Support & services for asylum seekers

While your application is being reviewed, you will be offered a safe place to stay and access to basic services. This includes food and healthcare, as well as legal services if required for your application.


After you make an application at the International Protection Office (IPO) the Reception and Integration Agency (RIA) will arrange for you to go to a reception centre, if you have nowhere else to stay.

RIA will then review your needs and arrange more permanent accommodation for you (and your family, if appropriate). This system is known as direct provision.

Accommodation centres are located around Ireland, including former hotels, guesthouses, hostels, and apartments.

Each centre is safe and secure. Regular meals and other services (eg washing, laundry) are also provided.

Note: You cannot choose which accommodation centre you will live in. However, in exceptional circumstances you may be allowed to transfer from one centre to another.


You will have access to the same basic health services as an Irish citizen. This includes:

  • Prescriptions for medicine
  • Dental care for your teeth
  • Eyesight tests
  • Pregnancy services
  • Children's health


If you have children between the ages of 6 and 16, they must attend school.

School is free although some payments may be needed from time-to-time. Where possible, children will be given language support.

In general, you are not entitled to university education.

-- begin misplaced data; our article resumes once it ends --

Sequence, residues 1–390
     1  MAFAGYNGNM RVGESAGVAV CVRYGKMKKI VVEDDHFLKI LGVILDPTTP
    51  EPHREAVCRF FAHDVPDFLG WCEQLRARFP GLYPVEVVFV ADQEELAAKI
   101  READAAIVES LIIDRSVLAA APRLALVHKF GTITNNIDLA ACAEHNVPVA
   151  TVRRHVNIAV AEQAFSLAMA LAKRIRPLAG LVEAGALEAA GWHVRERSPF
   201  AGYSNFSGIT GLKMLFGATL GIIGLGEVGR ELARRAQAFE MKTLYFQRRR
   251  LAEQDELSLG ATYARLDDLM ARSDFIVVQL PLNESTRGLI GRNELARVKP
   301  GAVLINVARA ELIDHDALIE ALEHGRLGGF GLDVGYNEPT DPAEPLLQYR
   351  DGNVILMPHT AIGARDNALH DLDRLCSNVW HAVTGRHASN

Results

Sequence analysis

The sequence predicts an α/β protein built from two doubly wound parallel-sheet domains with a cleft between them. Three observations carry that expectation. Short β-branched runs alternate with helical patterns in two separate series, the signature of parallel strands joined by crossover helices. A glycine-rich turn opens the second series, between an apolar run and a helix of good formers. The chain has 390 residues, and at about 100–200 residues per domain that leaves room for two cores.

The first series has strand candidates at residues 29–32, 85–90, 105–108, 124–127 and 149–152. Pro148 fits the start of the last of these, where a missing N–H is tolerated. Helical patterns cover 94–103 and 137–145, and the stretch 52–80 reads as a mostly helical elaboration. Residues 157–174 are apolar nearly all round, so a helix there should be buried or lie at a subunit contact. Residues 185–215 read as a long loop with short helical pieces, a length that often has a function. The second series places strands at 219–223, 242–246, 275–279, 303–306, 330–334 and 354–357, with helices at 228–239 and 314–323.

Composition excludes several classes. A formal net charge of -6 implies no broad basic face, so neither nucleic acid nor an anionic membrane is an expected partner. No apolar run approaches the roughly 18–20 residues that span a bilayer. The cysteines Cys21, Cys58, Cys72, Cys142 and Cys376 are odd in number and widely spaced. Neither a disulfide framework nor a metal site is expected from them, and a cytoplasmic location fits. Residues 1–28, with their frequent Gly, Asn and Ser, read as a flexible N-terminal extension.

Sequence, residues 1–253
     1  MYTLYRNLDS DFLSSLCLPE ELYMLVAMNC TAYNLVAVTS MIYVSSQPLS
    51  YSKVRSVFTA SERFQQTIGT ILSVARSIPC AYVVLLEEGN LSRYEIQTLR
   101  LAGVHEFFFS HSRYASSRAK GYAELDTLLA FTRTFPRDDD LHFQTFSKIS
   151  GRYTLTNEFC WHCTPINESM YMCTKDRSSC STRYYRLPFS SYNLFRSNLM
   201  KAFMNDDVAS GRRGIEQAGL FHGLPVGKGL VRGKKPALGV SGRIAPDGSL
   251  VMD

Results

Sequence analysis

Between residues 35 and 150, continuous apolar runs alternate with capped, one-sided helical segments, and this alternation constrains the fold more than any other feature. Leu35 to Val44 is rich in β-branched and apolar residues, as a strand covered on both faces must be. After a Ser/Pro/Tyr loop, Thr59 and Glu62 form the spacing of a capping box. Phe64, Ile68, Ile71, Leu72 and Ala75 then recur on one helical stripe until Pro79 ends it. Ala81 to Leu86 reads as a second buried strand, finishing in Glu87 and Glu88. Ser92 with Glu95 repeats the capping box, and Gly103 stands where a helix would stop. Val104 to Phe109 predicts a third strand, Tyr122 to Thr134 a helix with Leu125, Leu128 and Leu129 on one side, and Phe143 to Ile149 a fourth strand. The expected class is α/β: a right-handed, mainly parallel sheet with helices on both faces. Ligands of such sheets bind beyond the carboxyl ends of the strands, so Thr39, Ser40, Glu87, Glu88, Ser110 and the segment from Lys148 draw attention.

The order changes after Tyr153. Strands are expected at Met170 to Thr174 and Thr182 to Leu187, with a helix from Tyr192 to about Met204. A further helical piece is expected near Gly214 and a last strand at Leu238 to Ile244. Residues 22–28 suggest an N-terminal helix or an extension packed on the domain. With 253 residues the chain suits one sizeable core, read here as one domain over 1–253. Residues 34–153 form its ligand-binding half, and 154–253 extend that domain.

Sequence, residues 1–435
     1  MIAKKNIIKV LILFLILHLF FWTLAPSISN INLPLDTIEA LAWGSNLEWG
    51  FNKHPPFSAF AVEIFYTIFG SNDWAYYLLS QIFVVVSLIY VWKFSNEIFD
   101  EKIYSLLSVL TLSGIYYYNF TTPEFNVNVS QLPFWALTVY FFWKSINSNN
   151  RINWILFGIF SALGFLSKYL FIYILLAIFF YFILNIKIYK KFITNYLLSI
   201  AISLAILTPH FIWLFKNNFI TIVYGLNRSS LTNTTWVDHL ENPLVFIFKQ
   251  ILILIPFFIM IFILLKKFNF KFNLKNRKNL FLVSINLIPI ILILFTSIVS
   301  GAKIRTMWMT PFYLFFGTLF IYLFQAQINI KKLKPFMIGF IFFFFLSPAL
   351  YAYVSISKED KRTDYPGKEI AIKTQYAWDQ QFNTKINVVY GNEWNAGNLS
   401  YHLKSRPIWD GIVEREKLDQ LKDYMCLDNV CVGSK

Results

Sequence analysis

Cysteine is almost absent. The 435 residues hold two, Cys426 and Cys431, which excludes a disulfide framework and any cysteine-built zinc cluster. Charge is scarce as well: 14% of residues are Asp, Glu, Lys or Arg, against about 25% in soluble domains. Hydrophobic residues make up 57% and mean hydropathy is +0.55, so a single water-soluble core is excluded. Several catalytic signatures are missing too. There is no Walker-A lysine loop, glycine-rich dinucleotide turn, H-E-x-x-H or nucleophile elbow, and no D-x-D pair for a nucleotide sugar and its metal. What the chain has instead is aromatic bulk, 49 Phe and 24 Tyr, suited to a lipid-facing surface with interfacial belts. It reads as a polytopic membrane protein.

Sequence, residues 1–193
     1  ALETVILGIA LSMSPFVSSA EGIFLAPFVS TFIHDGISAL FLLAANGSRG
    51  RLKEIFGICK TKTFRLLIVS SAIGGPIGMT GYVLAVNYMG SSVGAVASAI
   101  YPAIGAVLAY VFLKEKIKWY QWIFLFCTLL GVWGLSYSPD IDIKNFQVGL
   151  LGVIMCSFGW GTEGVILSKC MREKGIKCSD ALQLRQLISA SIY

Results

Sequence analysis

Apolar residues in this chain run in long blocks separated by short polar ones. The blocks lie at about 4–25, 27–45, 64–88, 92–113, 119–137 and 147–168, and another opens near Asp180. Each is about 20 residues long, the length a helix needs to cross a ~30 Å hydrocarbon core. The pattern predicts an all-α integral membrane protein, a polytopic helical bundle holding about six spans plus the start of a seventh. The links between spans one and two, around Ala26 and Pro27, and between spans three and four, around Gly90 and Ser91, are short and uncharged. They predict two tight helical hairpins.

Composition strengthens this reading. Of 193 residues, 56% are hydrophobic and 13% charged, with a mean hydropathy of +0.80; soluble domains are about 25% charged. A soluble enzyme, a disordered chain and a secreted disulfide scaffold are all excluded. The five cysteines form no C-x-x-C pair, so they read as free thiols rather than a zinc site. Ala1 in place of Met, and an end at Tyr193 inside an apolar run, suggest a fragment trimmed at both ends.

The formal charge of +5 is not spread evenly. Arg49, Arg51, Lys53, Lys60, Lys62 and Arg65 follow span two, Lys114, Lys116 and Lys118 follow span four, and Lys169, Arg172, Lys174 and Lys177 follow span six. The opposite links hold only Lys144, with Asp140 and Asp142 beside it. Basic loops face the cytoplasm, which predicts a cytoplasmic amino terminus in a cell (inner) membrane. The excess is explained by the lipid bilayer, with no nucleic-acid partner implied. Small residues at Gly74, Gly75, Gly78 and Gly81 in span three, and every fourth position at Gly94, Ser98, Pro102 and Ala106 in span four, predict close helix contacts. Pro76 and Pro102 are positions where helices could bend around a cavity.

If you are living in Direct Provision accommodation, you will be given a small payment each week to help you buy things like toiletries and clothes.

  • Each adult receives €19.10 per week.
  • Each child receives €15.60 per week.


You can get legal assistance from Legal Aid Board (LAB) to help with your asylum application or appeal.


All applicants can apply to the Department of Business, Enterprise and Innovation for an employment permit. This is an existing scheme and the same conditions for eligibility will be applied to international protection applicants as for all other non-EEA nationals. Full details can be found on the Department’s website by following the link to ‘Employment Permits’.

The Minister for Justice and Equality is setting up an administrative scheme to provide eligible international protection applicants with permission to be self-employed. To be eligible for this scheme applicants must, on the date they apply for a permission under the scheme, be waiting on a first instance recommendation on their protection application for 9 months or more. More information is available here.

Transition to independent living

If you are granted Refugee or Subsidiary Protection status, or Permission to Remain, RIA can help you to make the transition to independent living.

Other supports

You may be given other services based on your needs. For example

  • Translation
  • Exceptional needs payments
  • English language classes for adults



If you have questions, contact us.

Updated: 30 June 2017

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Page history

30 June 2017

All references to Leave to Remain replaced with Permission to Remain.

5 January 2017

All references to Office of the Refugee Applications Commissioner (ORAC) changed to International Protection Office (IPO).

24 May 2016

Page published.